This is the music video for Gary Numan’s Cars.
It’s a little surprising to think that this is a 30 year old song – but it still sounds pretty damn good.
“Cars” is a 1979 pop music song by UK artist Gary Numan, and was released as a single from the album The Pleasure Principle. It reached the top of the charts in several countries, and today is considered a New Wave staple. In the UK charts, it reached Number 1 in 1979, and rose to Number 9 on the U.S. Billboard charts, in 1980. This hit single debuted on the American Top 40 on March 29, 1980, and spent a total of 17 weeks in the AT40. “Cars” was released under the ‘Atco’ label, with the catalog number of 7211. You can also hear Kraftwerk’s track Autobahn, with similar “glides” and the fact that they both used Moog synthesizers.
The song was the first release credited solely to Gary Numan after he dropped the band name Tubeway Army, with which he had released four singles and two LPs, including the number one hit “Are ‘Friends’ Electric?”, and its parent album, Replicas. Musically the new song was somewhat lighter and more pop-oriented than its predecessors, Numan later conceding that he had chart success in mind: “This was the first time I had written a song with the intention of ‘maybe it could be a hit single’; I was writing this before “Are ‘Friends’ Electric?” happened”.
“Cars” is based on two musical sections: a verse/instrumental break, and a bridge. The recording features a conventional rock rhythm section of bass guitar and drums, although the rest of the instruments used are analog synthesizers, principally the Minimoog (augmenting the song’s recognisable bass riff) and the Polymoog Keyboard, providing austere synthetic string lines over the bass riff. The bridge section also includes a tambourine part. Numan’s vocal part is sung in an almost expressionless, robotic style. There is no ‘chorus’ as such.
According to Numan, the song’s lyrics were inspired by an incident of road rage: “I was in traffic in London once and had a problem with some people in front. They tried to beat me up and get me out of the car. I locked the doors and eventually drove up on the pavement and got away from them. It’s kind of to do with that. It explains how you can feel safe inside a car in the modern world… When you’re in it, your whole mentality is different… It’s like your own little personal empire with four wheels on it.”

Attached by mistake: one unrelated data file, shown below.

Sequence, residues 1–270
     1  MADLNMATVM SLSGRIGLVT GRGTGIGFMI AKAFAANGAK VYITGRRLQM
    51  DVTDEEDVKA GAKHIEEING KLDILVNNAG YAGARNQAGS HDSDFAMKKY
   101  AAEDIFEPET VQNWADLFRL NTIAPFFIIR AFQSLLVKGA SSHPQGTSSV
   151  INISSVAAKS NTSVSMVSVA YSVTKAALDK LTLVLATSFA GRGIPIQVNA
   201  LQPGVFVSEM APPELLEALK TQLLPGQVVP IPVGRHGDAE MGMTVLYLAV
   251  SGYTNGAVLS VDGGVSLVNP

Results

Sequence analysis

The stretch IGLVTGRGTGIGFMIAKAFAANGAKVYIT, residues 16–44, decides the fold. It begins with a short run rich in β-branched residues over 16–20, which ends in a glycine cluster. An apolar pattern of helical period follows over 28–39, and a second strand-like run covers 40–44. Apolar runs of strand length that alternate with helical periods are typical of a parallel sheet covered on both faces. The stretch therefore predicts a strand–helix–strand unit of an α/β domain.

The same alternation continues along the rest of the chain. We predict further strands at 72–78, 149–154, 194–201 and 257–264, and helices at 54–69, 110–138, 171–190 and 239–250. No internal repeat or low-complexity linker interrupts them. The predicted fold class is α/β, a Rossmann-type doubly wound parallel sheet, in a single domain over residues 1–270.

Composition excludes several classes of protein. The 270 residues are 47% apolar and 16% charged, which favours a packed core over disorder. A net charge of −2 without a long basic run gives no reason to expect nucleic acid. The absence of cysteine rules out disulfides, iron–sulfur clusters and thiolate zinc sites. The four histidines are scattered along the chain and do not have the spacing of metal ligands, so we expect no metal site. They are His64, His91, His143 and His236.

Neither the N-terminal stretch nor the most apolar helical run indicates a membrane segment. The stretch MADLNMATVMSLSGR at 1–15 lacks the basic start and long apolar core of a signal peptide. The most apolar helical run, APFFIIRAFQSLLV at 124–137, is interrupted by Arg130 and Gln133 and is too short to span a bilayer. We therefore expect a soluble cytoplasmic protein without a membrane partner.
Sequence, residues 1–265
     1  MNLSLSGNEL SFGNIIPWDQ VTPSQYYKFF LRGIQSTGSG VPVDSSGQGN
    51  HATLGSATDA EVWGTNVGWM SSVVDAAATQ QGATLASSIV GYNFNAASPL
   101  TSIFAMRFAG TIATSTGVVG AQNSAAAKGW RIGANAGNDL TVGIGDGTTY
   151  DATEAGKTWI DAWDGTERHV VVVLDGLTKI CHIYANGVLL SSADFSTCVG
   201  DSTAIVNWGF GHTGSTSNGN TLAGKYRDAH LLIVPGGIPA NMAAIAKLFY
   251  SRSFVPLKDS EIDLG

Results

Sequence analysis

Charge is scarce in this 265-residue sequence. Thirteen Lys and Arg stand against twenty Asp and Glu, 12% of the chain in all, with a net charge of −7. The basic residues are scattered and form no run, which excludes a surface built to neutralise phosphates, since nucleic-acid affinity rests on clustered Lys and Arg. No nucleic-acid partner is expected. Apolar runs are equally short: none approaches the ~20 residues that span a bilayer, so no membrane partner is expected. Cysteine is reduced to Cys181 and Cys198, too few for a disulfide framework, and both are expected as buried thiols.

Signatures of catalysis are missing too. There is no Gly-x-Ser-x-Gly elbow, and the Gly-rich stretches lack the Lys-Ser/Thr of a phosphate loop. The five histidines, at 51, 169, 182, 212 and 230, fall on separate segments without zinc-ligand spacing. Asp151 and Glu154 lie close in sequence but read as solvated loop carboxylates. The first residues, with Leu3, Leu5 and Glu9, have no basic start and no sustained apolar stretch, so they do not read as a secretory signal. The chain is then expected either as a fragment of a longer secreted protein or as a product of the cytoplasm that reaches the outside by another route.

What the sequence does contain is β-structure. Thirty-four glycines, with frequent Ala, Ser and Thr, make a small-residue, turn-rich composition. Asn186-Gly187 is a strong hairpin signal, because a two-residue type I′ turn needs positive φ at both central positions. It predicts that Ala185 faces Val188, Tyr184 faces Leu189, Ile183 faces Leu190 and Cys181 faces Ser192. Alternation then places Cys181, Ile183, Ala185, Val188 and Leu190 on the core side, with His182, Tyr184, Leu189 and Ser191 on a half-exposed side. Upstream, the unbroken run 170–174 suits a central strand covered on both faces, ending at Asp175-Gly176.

The music video featured Numan’s then-current backing band, including Billy Currie from the band Ultravox, though he had not actually played on the recording of “Cars”. Towards the end of the video, a multitude of Gary Numans are depicted ‘driving’ along a Polymoog keyboard.
The original UK single was released in August 1979, backed with a non-album instrumental track called “Asylum”. The U.S. B-side was “Metal”, from The Pleasure Principle album. The track has been a UK Top Twenty hit for Numan in three successive decades: on its original release in 1979 (making number one); in 1987 as the ‘E Reg Model’ remix (making number 16); and again in 1996 following its use in an advertisement for Carling Premier beer (number 17).
Numan has regularly performed the song on stage since its original release and it appears on all but one of his official live albums to date; many remixed versions have also been released over the years (see Live versions and remixes). Kool G. Rap & DJ Polo released their own hip-hop version of “Cars” on their debut Road to the Riches album in 1989. “Cars” was covered by the Judybats on the 1991 single “Daylight” and by Shampoo on the “Girl Power” single in 1995. Dave Clarke performed the song on the Random tribute album in 1997, while Fear Factory recorded a version of the song (with Numan) and released it as a single in 1999. Numan also appeared in the video. The song was also heavily sampled in the 2000 song “Koochy” by Armand van Helden, reaching number 4 in the UK Singles Chart. The beat was later used for the song “Hot Wheels” by the hip-hop group Jim Crow. Deceased music producer J Dilla recorded an unreleased hip-hop version of “Cars” called “Trucks.” Released in late 2009, “Hiding All The Stars” by Chicane samples “Cars”.